A Synthetic Image created by Chameleon for training Man-Machine “social distance” application

By automatically “driving” the excavator in Chameleon’s 3D virtual world, across multiple deterministic, pseudo-random paths, and allowing animated characters to move naturally in the environment, carrying out environmentally appropriate behaviors; combining this with changing environmental conditions such as changing the weather and lighting too — training images can be obtained of humans at safe and dangerous distances under many different conditions. And Chameleon’s automation does most of the heavy lifting here, presenting image options for data scientists who then apply their human intelligence to decide what is actually a likely real-world risk and what is not (As a side note, and possibly a topic for a future article(!), Chameleon’s advanced annotations are also a great assistance in this use case, with full 3D depth map, pose information and velocities enabling to e.g. understand if a person is walking towards or away from a vehicle, how far away they are and at what speed vehicles and people are moving)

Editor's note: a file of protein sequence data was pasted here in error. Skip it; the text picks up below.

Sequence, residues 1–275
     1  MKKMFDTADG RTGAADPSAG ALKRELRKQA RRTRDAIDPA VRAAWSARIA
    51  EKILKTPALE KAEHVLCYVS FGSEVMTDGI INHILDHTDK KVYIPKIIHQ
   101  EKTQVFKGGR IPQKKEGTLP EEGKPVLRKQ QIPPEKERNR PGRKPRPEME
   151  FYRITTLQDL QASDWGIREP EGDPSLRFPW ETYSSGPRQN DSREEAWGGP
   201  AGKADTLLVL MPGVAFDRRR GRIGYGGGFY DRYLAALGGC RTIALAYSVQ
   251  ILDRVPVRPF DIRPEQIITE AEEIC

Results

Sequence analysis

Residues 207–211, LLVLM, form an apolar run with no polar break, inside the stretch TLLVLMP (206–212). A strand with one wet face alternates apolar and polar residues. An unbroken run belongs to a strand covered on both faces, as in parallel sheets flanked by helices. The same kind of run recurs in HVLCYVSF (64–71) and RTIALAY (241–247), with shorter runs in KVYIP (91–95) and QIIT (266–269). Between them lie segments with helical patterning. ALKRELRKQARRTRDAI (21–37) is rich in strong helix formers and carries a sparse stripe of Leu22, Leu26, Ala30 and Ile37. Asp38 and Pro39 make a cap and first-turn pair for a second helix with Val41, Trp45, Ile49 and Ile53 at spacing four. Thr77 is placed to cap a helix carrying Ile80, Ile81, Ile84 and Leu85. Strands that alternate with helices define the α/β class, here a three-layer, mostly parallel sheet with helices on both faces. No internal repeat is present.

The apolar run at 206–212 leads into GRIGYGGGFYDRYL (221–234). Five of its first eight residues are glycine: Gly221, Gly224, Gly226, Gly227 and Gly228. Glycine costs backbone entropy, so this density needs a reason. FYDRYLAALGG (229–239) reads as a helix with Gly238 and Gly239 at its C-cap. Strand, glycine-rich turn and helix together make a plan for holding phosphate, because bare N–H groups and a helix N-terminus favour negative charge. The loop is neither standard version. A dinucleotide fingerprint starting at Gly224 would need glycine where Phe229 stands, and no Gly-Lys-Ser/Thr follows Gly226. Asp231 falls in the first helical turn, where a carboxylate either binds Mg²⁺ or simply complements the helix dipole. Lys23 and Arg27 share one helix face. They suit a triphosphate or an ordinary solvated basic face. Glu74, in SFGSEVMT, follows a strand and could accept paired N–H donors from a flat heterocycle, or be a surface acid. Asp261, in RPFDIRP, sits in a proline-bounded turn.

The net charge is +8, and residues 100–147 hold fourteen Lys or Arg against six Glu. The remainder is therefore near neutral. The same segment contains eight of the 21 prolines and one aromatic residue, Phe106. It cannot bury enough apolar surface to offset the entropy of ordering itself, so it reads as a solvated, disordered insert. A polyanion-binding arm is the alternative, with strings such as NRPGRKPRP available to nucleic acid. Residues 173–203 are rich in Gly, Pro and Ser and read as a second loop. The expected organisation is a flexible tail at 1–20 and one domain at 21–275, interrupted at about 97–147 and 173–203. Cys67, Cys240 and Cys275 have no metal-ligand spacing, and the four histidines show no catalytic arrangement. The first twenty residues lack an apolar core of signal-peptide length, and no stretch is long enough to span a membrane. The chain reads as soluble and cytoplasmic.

A typical construction sceneThe scene depth map enables accurate calculations of man-machine distance

In this way, the automation gently nudges the user into considering multiple risk scenarios, so they quickly and efficiently end up with a cache of accurate, relevant images — without having to waste time sifting out any inappropriate ones. A key benefit of synthetic data here, is also to set an appropriate “capture” rate of images. Typically, the entropy between 2 consecutive frames at 30fps is minimal, and most applications don’t benefit from this. By enabling independent setting of “activity” rate and capture rate, we ensure that a good degree of entropy between captured images is maintained; for example we may set the activity rate to 30fps, but the capture rate to only 2 fps.

Intelligently data engineering also extends to trying to cover as many likely (and unlikely) permutations as possible, so the platform is designed to be able to automatically randomize for example: